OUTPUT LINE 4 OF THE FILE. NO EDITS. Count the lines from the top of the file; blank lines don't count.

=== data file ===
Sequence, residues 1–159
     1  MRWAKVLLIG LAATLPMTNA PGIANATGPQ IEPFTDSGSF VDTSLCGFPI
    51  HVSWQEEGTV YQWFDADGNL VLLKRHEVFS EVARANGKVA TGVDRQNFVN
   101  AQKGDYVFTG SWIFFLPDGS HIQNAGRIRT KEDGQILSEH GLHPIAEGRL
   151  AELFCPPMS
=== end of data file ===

   101  AQKGDYVFTG SWIFFLPDGS HIQNAGRIRT KEDGQILSEH GLHPIAEGRL